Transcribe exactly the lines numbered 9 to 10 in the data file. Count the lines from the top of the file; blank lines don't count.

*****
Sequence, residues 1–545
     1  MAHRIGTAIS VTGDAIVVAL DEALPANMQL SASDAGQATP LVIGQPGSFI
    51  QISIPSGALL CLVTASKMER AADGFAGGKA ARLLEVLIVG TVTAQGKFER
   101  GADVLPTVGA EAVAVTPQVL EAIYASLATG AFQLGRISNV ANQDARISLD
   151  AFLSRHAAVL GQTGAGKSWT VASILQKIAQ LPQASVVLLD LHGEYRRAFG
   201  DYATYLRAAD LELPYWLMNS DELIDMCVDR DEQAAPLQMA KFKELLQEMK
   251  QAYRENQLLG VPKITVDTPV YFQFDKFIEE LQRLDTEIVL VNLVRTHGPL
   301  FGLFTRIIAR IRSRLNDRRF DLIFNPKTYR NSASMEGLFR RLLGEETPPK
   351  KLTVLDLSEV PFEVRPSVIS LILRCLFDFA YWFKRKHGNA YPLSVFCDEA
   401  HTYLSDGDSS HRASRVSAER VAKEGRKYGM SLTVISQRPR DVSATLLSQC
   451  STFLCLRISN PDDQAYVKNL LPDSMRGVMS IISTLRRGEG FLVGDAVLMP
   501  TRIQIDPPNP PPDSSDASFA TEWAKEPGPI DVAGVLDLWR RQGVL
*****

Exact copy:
   351  KLTVLDLSEV PFEVRPSVIS LILRCLFDFA YWFKRKHGNA YPLSVFCDEA
   401  HTYLSDGDSS HRASRVSAER VAKEGRKYGM SLTVISQRPR DVSATLLSQC